Senate bill pushes open learning, distance education in PH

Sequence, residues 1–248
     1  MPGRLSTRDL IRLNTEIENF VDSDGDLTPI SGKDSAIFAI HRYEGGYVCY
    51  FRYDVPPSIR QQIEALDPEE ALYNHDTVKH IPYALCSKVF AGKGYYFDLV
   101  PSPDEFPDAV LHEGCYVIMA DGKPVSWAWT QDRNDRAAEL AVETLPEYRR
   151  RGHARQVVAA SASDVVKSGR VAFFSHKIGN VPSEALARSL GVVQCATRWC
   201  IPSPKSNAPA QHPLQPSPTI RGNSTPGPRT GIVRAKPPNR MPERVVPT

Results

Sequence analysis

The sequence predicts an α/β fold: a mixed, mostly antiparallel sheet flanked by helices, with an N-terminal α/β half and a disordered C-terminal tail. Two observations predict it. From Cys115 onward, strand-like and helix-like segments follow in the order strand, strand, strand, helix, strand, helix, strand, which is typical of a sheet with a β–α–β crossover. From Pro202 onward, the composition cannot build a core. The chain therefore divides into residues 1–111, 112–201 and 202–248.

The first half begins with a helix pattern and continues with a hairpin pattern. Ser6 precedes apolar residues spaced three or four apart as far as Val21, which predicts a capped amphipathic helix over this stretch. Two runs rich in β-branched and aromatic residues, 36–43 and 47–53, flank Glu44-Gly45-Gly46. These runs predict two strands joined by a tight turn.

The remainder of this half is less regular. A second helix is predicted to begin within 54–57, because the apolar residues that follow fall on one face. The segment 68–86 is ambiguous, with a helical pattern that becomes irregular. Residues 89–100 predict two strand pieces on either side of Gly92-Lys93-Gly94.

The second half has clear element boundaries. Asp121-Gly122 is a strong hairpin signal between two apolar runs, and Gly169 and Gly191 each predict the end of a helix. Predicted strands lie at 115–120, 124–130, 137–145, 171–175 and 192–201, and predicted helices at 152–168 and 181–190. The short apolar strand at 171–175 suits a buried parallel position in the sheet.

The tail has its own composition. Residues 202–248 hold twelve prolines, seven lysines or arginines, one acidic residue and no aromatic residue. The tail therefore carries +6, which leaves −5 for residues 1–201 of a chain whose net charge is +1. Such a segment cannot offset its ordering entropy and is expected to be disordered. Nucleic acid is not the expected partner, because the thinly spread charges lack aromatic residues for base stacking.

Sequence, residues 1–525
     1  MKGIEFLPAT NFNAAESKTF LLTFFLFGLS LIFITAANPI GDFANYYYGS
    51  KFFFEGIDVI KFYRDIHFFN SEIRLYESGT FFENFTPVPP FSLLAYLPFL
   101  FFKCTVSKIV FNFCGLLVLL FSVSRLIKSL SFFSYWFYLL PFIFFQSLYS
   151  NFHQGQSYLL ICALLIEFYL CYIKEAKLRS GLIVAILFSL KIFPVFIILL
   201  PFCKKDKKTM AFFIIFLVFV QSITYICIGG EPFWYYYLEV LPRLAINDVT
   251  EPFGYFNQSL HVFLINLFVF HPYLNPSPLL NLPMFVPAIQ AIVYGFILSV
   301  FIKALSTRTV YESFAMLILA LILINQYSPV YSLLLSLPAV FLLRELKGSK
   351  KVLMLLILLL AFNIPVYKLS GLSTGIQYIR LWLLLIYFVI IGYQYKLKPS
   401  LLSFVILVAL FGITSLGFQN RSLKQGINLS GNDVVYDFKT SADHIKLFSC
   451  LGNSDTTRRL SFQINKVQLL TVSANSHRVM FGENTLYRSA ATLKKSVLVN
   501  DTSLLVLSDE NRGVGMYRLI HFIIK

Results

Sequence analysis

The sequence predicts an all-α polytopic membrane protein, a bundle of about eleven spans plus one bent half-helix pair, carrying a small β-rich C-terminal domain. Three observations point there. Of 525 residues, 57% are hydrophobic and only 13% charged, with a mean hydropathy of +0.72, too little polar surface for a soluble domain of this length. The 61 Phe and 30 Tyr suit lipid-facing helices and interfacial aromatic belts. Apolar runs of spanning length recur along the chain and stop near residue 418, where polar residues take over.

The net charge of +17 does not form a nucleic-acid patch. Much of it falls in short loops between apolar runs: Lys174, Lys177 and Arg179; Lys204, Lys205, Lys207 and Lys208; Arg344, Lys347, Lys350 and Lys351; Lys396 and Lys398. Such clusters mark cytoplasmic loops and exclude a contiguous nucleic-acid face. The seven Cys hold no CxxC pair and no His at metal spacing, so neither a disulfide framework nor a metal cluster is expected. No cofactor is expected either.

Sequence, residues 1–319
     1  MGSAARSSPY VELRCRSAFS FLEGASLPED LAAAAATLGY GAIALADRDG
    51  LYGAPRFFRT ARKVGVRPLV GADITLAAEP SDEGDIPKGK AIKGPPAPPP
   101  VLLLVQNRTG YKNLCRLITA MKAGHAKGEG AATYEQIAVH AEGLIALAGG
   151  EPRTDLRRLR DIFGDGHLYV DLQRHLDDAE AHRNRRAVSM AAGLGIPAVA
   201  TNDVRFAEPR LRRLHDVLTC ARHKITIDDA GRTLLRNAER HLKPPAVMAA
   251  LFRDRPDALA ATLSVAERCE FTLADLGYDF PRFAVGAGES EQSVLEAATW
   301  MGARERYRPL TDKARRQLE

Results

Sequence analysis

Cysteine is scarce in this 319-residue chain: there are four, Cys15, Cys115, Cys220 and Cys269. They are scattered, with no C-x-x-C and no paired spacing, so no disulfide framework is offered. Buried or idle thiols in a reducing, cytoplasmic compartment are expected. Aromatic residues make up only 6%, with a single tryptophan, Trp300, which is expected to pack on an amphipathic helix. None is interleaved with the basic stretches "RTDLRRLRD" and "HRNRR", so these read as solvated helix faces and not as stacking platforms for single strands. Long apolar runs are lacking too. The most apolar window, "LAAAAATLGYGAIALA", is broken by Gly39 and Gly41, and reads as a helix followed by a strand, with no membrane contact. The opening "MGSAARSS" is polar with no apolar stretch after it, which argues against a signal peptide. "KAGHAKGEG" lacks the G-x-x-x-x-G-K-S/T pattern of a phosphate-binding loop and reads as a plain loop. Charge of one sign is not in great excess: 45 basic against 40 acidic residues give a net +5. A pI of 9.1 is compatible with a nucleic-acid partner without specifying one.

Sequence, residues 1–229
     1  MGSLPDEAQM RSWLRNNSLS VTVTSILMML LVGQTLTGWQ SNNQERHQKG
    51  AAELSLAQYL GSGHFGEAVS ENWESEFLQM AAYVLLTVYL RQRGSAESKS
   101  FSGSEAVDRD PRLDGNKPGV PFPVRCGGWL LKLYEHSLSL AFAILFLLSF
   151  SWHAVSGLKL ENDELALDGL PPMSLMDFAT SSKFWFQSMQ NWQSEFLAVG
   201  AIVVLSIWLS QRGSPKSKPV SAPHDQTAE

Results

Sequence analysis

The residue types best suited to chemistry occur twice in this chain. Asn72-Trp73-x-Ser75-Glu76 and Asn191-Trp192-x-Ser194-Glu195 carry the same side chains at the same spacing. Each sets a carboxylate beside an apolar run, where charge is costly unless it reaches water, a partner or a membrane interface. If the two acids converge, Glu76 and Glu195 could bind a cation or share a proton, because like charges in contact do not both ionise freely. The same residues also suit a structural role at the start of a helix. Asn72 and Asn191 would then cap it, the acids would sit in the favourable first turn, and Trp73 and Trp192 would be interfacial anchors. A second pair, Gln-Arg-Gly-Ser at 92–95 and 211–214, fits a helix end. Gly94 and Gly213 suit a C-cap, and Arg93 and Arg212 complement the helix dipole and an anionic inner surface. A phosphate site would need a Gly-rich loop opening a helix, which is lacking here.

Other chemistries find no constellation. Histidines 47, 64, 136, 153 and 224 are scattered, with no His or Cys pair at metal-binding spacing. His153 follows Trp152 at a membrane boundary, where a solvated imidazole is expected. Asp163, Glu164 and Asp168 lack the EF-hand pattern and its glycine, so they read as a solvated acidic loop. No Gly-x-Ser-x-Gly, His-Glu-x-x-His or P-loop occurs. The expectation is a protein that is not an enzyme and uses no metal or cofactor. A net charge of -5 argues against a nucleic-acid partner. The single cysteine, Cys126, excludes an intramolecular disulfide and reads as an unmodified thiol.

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Sen. Sonny Angara Sen. Sonny Angara[/caption] “Open learning and distance education programs in post-secondary and higher education institutions help widen access. Through technology and novel institutional arrangements, such programs allow the youth to gain education without the constraints of being full-time students,” Angara said. The neophyte senator cited a report from the National Statistics Office in 2011 that one out of every eight Filipinos aged six to 24 is considered an out-of-school youth or has not finished college or any post-secondary course. He also noted that while the Philippines jumped from 65th to 59th in the 2013 Global Competitiveness Index of the World Economic Forum, the country still ranks low in terms of education compared to our neighbors. According to the Global Competitiveness Index, among Asean countries, the Philippines ranked 8th out of 10 in Health and Primary Education, and 6th out of 10 for Higher Education and Training. “Clearly, access to education remains problematic, stifling the opportunities open to the poor and unemployed,” stressed the former congressman from Aurora who previously chaired the House committee on higher and technical education. Angara filed Senate Bill No. 2155 or the “Open Learning and Distance Education Act” that seeks to institutionalize distance education in the Philippines. Distance education is defined as a mode of educational delivery whereby the teacher and learner are separated in time and space, and the instruction is delivered through specially designed materials and methods using appropriate technologies and learning management systems. Under the proposed measure, course offerings and programs of distance education schools should be comparable in standards, practice and policies to other higher education institutions. However, the place, pace and mode of study shall be at the option and convenience of the student while the content, context and conduct of examination shall be determined by the institution. Distance education may be delivered using information and communications technology such as print, audio-visual, electronic or computer technology and virtual classroom. The Commission on Higher Education (CHED), Technical Education and Skills Development Authority (Tesda) and the University of the Philippines Open University (UPOU) are mandated to provide support in developing and providing high quality programs and offerings in open, distance and online learning. This support includes training of qualified teachers, curriculum and program development, cyber infrastructure planning, resource sourcing and implementation, school operations and management planning and development, and institutional linkages and networking. The UPOU, designated as the National Open University, will also be tasked to provide leadership and promote best practices in open learning and distance education in the country. On the other hand, the CHED and the Tesda will serve as regulators of schools involved in open learning, and will be assigned to formulate and promulgate policies and standards for the effective implementation of distance education in the country. “No less than the Constitution enshrines an ‘education for all’ policy as a foremost national goal. On top of establishing a system of free education, the Constitution mandates that the state should protect and promote the right of all citizens to quality education at all levels, and shall take appropriate steps to make such education accessible to all,” Angara said. ]]>

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